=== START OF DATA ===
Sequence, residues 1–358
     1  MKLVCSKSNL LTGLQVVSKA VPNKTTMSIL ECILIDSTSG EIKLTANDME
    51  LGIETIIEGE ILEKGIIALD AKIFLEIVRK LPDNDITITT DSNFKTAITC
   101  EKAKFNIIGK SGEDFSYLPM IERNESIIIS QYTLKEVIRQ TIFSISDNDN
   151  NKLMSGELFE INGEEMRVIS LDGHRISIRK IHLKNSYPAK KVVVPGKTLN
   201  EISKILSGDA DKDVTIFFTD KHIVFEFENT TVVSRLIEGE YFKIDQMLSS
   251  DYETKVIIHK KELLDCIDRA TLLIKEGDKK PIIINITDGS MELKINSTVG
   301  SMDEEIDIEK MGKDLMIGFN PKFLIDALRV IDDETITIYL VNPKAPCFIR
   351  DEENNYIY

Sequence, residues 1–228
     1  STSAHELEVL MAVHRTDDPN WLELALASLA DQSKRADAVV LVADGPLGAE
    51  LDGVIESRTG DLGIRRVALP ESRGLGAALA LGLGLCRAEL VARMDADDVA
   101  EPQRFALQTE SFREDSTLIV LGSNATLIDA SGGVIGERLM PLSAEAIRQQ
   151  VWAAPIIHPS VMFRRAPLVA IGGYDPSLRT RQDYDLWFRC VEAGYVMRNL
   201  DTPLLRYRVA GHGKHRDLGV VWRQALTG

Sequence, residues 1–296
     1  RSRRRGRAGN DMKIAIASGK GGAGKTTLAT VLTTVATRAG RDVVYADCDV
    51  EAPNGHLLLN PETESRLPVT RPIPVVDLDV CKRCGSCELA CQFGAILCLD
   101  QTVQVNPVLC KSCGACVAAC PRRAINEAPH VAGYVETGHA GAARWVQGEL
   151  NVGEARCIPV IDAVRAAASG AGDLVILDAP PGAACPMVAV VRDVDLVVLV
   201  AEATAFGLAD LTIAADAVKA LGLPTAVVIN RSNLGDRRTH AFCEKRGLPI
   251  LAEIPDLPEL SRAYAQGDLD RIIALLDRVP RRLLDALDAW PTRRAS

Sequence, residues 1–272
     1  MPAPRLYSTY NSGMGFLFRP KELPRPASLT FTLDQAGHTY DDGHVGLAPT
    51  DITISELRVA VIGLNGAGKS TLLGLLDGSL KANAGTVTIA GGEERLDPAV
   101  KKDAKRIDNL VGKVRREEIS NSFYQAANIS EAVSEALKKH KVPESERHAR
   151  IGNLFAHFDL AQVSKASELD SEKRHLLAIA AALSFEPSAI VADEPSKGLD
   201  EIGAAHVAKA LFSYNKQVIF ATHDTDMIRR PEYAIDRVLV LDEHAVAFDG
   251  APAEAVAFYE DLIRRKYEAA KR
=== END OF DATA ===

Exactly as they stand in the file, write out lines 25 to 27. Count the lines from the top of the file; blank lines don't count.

    51  DITISELRVA VIGLNGAGKS TLLGLLDGSL KANAGTVTIA GGEERLDPAV
   101  KKDAKRIDNL VGKVRREEIS NSFYQAANIS EAVSEALKKH KVPESERHAR
   151  IGNLFAHFDL AQVSKASELD SEKRHLLAIA AALSFEPSAI VADEPSKGLD